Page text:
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75 years ago: fallen heroes; local events; and a harp of gold


As late winter (by the calendar) 1945 segued into early spring, Allied troops had breached the Rhine River and begun the race across Germany to Berlin from the west. The Russian army advanced toward Berlin from the east, and the world listened as Hitler's once-mighty Third Reich began its death rattle.

In the South Pacific, Japan reeled from intensive low-level incendiary bombing attacks on Tokyo and other cities, but still, the war slogged on, perhaps best exemplified by the interminable Battle of Luzon, eight bloody, wearying months of fighting, from early January 1945 until Japan's surrender on August 15th that year.

And, in that long ago March, five Adair Countians gave their lives in defense of the free world:
  • T/5 Ray G. Willis, killed in action in Germany, March 12;
  • T/4 Oliver Eldridge McClister, accidental death in Germany, March 13;
  • Pfc. Forest R. Humphress, killed in action in Germany, March 15;
  • Pfc. Willie Rufus Kerns, killed in action in Germany, March 24;
  • Pfc. Delbert Wayne Harvey, killed in action in Germany, March 26.
(Oliver McClister died when a tire on a downed German aircraft he was helping dismantle exploded and struck him.)

And back in The Shire...

The CHS seniors proudly presented "Me and My Shadow" on March 29th. Billed as "a fast moving mystery comedy," the production included Eugene Willis, Edith Cundiff, Jean West, E.L Feese, Bobby Caldwell, and Virginia Redmon as the mysterious "Shadow."

The local Christian Church had full slate planned for Easter weekend with a candle light communion on Thursday night, March 29th, "set a little early to allow attendance at the High School;" Good Friday services beginning at 2 p.m., "Business houses of the community are expected to close;" and of course, a full day of Easter Sunday activities, beginning with a 6:30 Sunrise Service.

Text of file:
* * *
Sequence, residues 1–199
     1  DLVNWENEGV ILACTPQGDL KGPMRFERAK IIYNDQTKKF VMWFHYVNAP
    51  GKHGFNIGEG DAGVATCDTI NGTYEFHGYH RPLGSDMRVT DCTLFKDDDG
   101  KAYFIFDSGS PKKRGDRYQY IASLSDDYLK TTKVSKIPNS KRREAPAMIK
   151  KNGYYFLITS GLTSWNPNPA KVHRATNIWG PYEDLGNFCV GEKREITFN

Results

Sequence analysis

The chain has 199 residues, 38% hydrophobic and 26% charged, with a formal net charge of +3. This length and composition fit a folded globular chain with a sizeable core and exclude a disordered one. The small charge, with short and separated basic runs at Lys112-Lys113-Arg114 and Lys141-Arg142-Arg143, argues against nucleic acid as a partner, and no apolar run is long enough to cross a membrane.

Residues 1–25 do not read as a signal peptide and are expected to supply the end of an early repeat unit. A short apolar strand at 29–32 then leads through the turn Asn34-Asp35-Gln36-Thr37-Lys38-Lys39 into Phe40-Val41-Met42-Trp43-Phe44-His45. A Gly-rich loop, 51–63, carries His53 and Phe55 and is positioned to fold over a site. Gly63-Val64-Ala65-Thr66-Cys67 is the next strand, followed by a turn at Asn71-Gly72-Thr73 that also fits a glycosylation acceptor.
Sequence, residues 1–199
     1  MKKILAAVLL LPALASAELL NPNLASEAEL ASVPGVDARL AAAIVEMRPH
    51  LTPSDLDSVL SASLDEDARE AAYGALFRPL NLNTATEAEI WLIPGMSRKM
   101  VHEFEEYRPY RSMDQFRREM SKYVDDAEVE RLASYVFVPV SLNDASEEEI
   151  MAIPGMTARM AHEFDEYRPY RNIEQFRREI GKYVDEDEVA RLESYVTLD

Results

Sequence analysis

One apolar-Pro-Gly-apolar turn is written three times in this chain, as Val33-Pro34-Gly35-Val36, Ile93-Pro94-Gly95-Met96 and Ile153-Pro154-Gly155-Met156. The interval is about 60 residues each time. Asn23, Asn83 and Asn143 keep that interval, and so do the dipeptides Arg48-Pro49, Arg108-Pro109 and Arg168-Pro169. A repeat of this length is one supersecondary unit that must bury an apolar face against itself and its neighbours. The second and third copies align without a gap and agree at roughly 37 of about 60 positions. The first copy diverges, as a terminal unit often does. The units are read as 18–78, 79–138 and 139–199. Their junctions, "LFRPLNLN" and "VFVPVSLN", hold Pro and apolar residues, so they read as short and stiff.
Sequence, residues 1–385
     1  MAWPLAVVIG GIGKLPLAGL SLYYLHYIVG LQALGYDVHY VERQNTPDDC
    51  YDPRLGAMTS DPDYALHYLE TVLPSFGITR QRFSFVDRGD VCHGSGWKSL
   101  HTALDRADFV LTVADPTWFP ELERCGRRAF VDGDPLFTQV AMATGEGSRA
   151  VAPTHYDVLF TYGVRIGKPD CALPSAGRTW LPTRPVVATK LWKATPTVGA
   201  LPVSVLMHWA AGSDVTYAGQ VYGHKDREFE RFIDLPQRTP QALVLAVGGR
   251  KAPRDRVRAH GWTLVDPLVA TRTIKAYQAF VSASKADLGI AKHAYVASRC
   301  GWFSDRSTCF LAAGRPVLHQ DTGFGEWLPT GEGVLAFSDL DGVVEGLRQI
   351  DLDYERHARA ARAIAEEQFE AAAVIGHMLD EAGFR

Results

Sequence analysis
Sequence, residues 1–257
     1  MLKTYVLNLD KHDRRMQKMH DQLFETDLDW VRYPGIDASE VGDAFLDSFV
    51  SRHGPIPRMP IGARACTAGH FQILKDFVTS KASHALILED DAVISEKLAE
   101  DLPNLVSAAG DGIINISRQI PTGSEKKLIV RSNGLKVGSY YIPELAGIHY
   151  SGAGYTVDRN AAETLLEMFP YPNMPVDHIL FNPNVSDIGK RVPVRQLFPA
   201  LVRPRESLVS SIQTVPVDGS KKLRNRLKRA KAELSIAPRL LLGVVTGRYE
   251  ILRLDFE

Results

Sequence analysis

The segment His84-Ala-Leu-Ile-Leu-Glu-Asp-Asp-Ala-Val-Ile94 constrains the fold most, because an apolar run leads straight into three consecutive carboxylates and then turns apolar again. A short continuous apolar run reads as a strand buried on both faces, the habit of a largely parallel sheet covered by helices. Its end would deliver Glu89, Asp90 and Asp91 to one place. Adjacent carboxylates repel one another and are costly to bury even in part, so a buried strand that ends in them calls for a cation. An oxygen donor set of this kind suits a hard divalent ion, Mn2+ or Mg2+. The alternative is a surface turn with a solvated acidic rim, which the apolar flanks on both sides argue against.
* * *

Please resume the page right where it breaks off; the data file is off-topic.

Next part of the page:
Nick Denis, basketball coach at Male High, spoke at the March 23rd banquet for Charlie Clift's Columbia Redhounds. Others in attendance were Superintendent of City Schools H.R. Kirk, C.H.S. Principal Miss Mary Lucy Lowe, and the faculty members "who had helped with the work of the season." The team members of the 1944-45 team included Clifton Finn, Merle Reed, Donald Pickett ---- Roy, ---- Webb, ---- Marshall, and ---- Dunbar.

On the Square, Russell & Co. opened their spring line of merchandise; W.R. Wooten encouraged customers to visit his Triangle Foods self-service store, "the modern way to shop;" and owner Martin Rowe & pharmacist Wilsie Taylor announced the Corner Drug Store had reopened with "an entire new stock of merchandise" after a near-disastrous fire early Christmas morning.

Lany Bray & Co. offered "a complete line of accessories for your spring wardrobe;" Paull Drug Co. offered special prices on several items during its spring clearance sale, including many Stag brand toiletries for men; and Alton Lacy's Western Auto Associate Store offered a real deal on Davis brand tires.

Other on-the-Square advertisers included Lerman's and the Marshall Furniture Store & Gift Shop, the latter set to open April 5th in the newly refurbished building next door to Corner Drugs. (The former occupant, Roberts 5-10-25c Store, had closed out after the same fire mentioned above greatly damaged the stock.) Movies showing at the Rialto toward the end of March included "Objective Burma" (Errol Flynn) and "Under Western Skies (Noah Beery, Jr., et. al.)

Only two community newsletters appeared in the March 28 edition of the paper, including one from the ever-faithful Sallie J. Kelley of Coburg. The last paragraph of her letter paid loving tribute to an Adair County soldier she had known and much loved, Emanuel Judd, killed in action in Europe on February 24, 1945, his 34th birthday:
"Our hearts have ached with sympathy for Minnie Lou and Mr. and Mrs. Grover Judd, whose loss of husband and only child was such a heart tearing shock. Emanuel's ability in life was above average. He was so useful, a first class carpenter and painter, talented along every line. There was never an instrument made he couldn't play. Always had a jolly word and a smile for everyone that he met. He and my [daughter] Alma were reared close neighbors, started to school the same day. Many slices of cake I put in their lunch boxes at the same time. The Cane Valley Choir has never been the same since we had to give up his bass voice. On River Rhine he fought and died for our freedom. We hope to meet him on the other side where he plays on a harp of Gold."

This story was posted on 2020-03-26 09:12:45
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